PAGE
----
Fire Note Says: Johnson and Dunning’s Celtic flair musical creations are both majestic and heartwarming.
Album Review: Composer and keyboardist Jeff Johnson and flautist Brian Dunning have been collaborating on a unique blend of Celtic contemporary instrumental music for nearly 30 years, often creating soundtracks that are inspired by the fantasy works of fiction author Stephen R. Lawhead. In the early 90’s they made three albums of music to accompany Lawhead’s three books in the “Song of Albion“ series. In the years since they have worked together in a symbiotic relationship, sometimes as musicians inspired by the author’s characters and storylines, like 1996’s Byzantium and 2003’s Patrick: Son of Ireland for which Johnson and Dunning created Byzantium – The Book of Kells & St. Aidan’s Journey (Ark, 2000) and Patrick (Ark, 2003). In addition, on two occasions the musicians recorded albums for which Lawhead wrote original stories that were included in the CD’s cover art: The Music of Celtic Legends – The Bard and the Warrior (Ark, 2001) and Prayers of St. Brendan – The Journey Home (Ark, 1998).
The Celts, or course have ancient roots all across Europe, but in more recent eras have been geographically associated with Ireland, Scotland, Wales, the Isle of Man, Brittany and Cornwall. We hear their music in the traditional recordings of groups like The Cheiftains, and the language kept alive in songs by the Irish rock band, Clannad, and at times even in the early music of U2 and others of Scottish or Irish decent. Brian Dunning is Irish and was a student of James Galway, a virtuoso flute player from Belfast, before studying at Berklee College of Music and joining the Celtic band, Nightnoise which played a mix of traditional Irish music, jazz and chamber music while signed to the Windham Hill label from the mid-80s through most of the 90’s. Jeff Johnson had been making solo albums since the early 80’s, starting out playing progressive rock, but evolving into more of a new age and ambient niche. The duo met and began collaborating in Portland, Oregon, and continued to work together and on other projects after Dunning returned to Ireland.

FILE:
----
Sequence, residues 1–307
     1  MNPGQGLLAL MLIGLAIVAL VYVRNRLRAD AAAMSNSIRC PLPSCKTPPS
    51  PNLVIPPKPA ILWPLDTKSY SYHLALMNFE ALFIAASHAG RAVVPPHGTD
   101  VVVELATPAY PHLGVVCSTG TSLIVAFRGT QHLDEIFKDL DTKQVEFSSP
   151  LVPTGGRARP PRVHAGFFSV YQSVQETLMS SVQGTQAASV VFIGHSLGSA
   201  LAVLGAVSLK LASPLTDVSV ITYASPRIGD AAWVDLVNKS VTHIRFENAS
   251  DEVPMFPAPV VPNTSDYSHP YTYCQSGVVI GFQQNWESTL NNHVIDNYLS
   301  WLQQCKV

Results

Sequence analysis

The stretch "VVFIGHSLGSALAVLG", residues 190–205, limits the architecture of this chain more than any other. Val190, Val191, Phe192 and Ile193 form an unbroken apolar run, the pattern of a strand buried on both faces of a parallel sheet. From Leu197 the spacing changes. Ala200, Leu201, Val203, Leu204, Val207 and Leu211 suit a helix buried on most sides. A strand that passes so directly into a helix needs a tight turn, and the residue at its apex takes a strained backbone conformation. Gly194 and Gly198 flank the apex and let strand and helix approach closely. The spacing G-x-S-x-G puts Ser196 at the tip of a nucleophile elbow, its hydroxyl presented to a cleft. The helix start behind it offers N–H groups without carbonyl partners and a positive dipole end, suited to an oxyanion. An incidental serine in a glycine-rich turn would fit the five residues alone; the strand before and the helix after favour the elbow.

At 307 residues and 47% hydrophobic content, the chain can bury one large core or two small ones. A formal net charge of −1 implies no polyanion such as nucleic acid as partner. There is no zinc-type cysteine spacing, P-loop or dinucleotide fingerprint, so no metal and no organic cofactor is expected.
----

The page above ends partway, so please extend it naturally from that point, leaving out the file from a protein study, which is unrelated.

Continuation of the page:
Eirlandia consists of eight compositions, most running just over 4 minutes, a variety of lush, picturesque instrumentals, some with a rhythm track that suggests horses riding across the countryside, or the fast pace of water running down a mountain crevasse, Johnson’s keyboards laying out the musical textures whether on synth or piano, while Dunning’s flutes and penny whistles offer the melodies. They are joined by Wendy Goodwin, a frequent collaborator as well, on violin, at times playing in harmony with Dunning, and Janet Marie Chvatal, a vocalist who sings wordlessly, at times carrying a counter-melody. Johnson adds appropriate percussion, at times fueling the song’s energetic passion, at others just a quiet sonic framework. Phil Baker plays bass, Roy Salmond, Eric Miller and Tim Ellis add understated guitars where needed, but these earthy instrumentals tend to favor the primary musicians and their chosen instruments.
“Tara Hill” starts with the clanging of metal in the wind, followed by a piano that feels at first like a child’s wind up the bass bubbles up with a jazz vibe, which Dunning matches with a breathy technique on his flute. Eirlandia, has a bolder rhythm track than most, but the piano sparkles like a running stream, while Chvatal’s haunting vocal floats over and Dunning’s lovely flute acts as a wordless narrator, in tandem with Goodwin’s violin. “Tir na nOg” is the old Celtic word for the Otherworld, a nearby dimension extolled in myths and legends, a place where heroes and mystics have gone to prepare for the adventures that await them. There is a song of the same name by the group Celtic Women, but Dunning and Johnson have created a quiet ballad to conjure this world’s pristine “otherness.” These are lush instrumental beds that fuel one’s imagination, or perhaps work as graceful backgrounds when working or reading requires focus.
All of which to say, this is a modest musical niche, one Johnson has carved out with 47 album titles on his own indie label, Ark Music, that has been improved by collaborations with folk like Dunning, and on other albums with guitar virtuoso Phil Keaggy. Here their musical creations are both majestic and heartwarming, with that Celtic flair for the dramatic that is at the heart of any good story.
Key Tracks: “Eirlandia” / “A Wonder Voyage” / “Tara Hill”
Artists With Similar Fire: Nightnoise / The Chieftains / Shadowfax
– Reviewed by Brian Q. Newcomb